GitLab Documentation

DropLab

A generic dropdown for all of your custom dropdown needs.

Usage

DropLab can be used by simply adding a data-dropdown-trigger HTML attribute. This attribute allows us to find the "trigger" (toggle) for the dropdown, whether that is a button, link or input.

The value of the data-dropdown-trigger should be a CSS selector that DropLab can use to find the trigger's dropdown list.

You should also add the data-dropdown attribute to declare the dropdown list. The value is irrelevant.

The DropLab class has no side effects, so you must always call .init when the DOM is ready. DropLab.prototype.init takes the same arguments as DropLab.prototype.addHook. If you do not provide any arguments, it will globally query and instantiate all droplab compatible dropdowns.

<a href="#" data-dropdown-trigger="#list">Toggle</a>

<ul id="list" data-dropdown>
  <!-- ... -->
<ul>
const droplab = new DropLab();
droplab.init();

As you can see, we have a "Toggle" link, that is declared as a trigger. It provides a selector to find the dropdown list it should control.

Static data

You can add static list items.

<a href="#" data-dropdown-trigger="#list">Toggle</a>

<ul id="list" data-dropdown>
  <li>Static value 1</li>
  <li>Static value 2</li>
<ul>
const droplab = new DropLab();
droplab.init();

Explicit instantiation

You can pass the trigger and list elements as constructor arguments to return a non-global instance of DropLab using the DropLab.prototype.init method.

<a href="#" id="trigger" data-dropdown-trigger="#list">Toggle</a>

<ul id="list" data-dropdown>
  <!-- ... -->
<ul>
const trigger = document.getElementById('trigger');
const list = document.getElementById('list');

const droplab = new DropLab();
droplab.init(trigger, list);

You can also add hooks to an existing DropLab instance using DropLab.prototype.addHook.

<a href="#" data-dropdown-trigger="#auto-dropdown">Toggle</a>
<ul id="auto-dropdown" data-dropdown><!-- ... --><ul>

<a href="#" id="trigger" data-dropdown-trigger="#list">Toggle</a>
<ul id="list" data-dropdown><!-- ... --><ul>
const droplab = new DropLab();

droplab.init();

const trigger = document.getElementById('trigger');
const list = document.getElementById('list');

droplab.addHook(trigger, list);

Dynamic data

Adding data-dynamic to your dropdown element will enable dynamic list rendering.

You can template a list item using the keys of the data object provided. Use the handlebars syntax {{ value }} to HTML escape the value. Use the <%= value %> syntax to simply interpolate the value. Use the <%= value %> syntax to evaluate the value.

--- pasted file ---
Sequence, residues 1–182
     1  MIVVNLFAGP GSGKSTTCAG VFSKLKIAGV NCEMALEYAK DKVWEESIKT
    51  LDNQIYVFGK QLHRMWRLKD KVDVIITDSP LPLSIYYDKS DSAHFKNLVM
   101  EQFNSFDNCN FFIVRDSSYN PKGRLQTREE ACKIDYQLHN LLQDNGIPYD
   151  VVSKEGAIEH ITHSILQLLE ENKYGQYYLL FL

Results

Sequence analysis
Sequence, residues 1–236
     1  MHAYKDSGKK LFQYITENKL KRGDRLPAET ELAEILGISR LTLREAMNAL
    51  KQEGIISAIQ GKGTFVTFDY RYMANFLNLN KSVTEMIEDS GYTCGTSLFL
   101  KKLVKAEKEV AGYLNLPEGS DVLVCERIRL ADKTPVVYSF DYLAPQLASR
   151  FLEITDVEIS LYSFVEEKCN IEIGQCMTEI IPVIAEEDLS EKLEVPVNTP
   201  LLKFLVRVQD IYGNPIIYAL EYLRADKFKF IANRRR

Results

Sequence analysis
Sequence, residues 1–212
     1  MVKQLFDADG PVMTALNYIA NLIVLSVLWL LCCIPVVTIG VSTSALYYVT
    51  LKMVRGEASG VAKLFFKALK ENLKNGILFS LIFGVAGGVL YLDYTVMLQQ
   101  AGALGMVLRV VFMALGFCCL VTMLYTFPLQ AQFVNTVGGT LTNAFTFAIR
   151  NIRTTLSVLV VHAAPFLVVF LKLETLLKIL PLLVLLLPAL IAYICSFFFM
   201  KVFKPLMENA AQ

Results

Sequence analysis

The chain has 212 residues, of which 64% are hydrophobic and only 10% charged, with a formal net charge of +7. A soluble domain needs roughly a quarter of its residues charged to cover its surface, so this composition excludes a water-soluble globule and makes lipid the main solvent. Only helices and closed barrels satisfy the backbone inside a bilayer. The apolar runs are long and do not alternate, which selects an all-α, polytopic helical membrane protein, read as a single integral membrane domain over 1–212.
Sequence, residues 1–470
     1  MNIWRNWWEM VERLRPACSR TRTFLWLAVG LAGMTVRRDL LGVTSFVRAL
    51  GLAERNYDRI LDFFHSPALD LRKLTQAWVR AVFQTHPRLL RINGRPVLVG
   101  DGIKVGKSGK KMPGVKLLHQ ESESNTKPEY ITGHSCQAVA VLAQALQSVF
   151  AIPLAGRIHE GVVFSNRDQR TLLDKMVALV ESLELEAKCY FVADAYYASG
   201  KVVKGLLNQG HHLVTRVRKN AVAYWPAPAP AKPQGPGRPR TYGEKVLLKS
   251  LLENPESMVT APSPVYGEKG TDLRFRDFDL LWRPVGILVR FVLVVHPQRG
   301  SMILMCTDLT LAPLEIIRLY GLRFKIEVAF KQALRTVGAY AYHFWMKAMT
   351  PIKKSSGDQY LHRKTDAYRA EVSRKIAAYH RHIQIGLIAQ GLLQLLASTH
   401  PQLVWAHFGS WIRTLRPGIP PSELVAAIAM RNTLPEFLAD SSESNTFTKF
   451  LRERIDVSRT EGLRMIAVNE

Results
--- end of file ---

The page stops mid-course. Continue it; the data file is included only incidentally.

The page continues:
Passing an array of objects to DropLab.prototype.addData will render that data for all data-dynamic dropdown lists tracked by that DropLab instance.

<a href="#" data-dropdown-trigger="#list">Toggle</a>

<ul id="list" data-dropdown data-dynamic>
  <li><a href="#" data-id="{{id}}">{{text}}</a></li>
</ul>
const droplab = new DropLab();

droplab.init().addData([{
  id: 0,
  text: 'Jacob',
}, {
  id: 1,
  text: 'Jeff',
}]);

Alternatively, you can specify a specific dropdown to add this data to but passing the data as the second argument and and the id of the trigger element as the first argument.

<a href="#" data-dropdown-trigger="#list" id="trigger">Toggle</a>

<ul id="list" data-dropdown data-dynamic>
  <li><a href="#" data-id="{{id}}">{{text}}</a></li>
</ul>
const droplab = new DropLab();

droplab.init().addData('trigger', [{
  id: 0,
  text: 'Jacob',
}, {
  id: 1,
  text: 'Jeff',
}]);

This allows you to mix static and dynamic content with ease, even with one trigger.

Note the use of scoping regarding the data-dropdown attribute to capture both dropdown lists, one of which is dynamic.

<input id="trigger" data-dropdown-trigger="#list">
<div id="list" data-dropdown>
  <ul>
    <li><a href="#">Static item 1</a></li>
    <li><a href="#">Static item 2</a></li>
  </ul>
  <ul data-dynamic>
    <li><a href="#" data-id="{{id}}">{{text}}</a></li>
  </ul>
</div>
const droplab = new DropLab();

droplab.init().addData('trigger', [{
  id: 0,
  text: 'Jacob',
}, {
  id: 1,
  text: 'Jeff',
}]);

Internal selectors

DropLab adds some CSS classes to help lower the barrier to integration.

For example,

Internal events

DropLab uses some custom events to help lower the barrier to integration.

For example,

These custom events add a detail object to the vanilla Event object that provides some potentially useful data.

Plugins

Plugins are objects that are registered to be executed when a hook is added (when a droplab trigger and dropdown are instantiated).

If no modules API is detected, the library will fall back as it does with window.DropLab and will add window.DropLab.plugins.PluginName.

Usage

To use plugins, you can pass them in an array as the third argument of DropLab.prototype.init or DropLab.prototype.addHook. Some plugins require configuration values, the config object can be passed as the fourth argument.

<a href="#" id="trigger" data-dropdown-trigger="#list">Toggle</a>
<ul id="list" data-dropdown><!-- ... --><ul>
const droplab = new DropLab();

const trigger = document.getElementById('trigger');
const list = document.getElementById('list');

droplab.init(trigger, list, [droplabAjax], {
  droplabAjax: {
    endpoint: '/some-endpoint',
    method: 'setData',
  },
});

Documentation

Development

When plugins are initialised for a droplab trigger+dropdown, DropLab will call the plugins init function, so this must be implemented in the plugin.

class MyPlugin {
  static init() {
    this.someProp = 'someProp';
    this.someMethod();
  }

  static someMethod() {
    this.otherProp = 'otherProp';
  }
}

export default MyPlugin;